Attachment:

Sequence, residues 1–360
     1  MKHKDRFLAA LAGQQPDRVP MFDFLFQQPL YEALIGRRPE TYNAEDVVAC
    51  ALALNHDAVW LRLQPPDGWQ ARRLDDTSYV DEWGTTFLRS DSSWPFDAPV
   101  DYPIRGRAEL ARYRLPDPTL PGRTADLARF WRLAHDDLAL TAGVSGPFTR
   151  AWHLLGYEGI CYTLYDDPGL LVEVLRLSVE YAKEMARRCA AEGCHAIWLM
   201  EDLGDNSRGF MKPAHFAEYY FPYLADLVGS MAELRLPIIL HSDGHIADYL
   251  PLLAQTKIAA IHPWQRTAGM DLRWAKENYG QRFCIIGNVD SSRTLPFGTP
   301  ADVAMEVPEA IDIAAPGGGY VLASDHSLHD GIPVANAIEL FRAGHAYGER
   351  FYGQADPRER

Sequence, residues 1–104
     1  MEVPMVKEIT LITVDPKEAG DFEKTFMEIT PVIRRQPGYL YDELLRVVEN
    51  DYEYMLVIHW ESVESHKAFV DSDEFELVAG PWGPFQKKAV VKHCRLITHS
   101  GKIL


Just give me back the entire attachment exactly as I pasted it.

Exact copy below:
Sequence, residues 1–360
     1  MKHKDRFLAA LAGQQPDRVP MFDFLFQQPL YEALIGRRPE TYNAEDVVAC
    51  ALALNHDAVW LRLQPPDGWQ ARRLDDTSYV DEWGTTFLRS DSSWPFDAPV
   101  DYPIRGRAEL ARYRLPDPTL PGRTADLARF WRLAHDDLAL TAGVSGPFTR
   151  AWHLLGYEGI CYTLYDDPGL LVEVLRLSVE YAKEMARRCA AEGCHAIWLM
   201  EDLGDNSRGF MKPAHFAEYY FPYLADLVGS MAELRLPIIL HSDGHIADYL
   251  PLLAQTKIAA IHPWQRTAGM DLRWAKENYG QRFCIIGNVD SSRTLPFGTP
   301  ADVAMEVPEA IDIAAPGGGY VLASDHSLHD GIPVANAIEL FRAGHAYGER
   351  FYGQADPRER

Sequence, residues 1–104
     1  MEVPMVKEIT LITVDPKEAG DFEKTFMEIT PVIRRQPGYL YDELLRVVEN
    51  DYEYMLVIHW ESVESHKAFV DSDEFELVAG PWGPFQKKAV VKHCRLITHS
   101  GKIL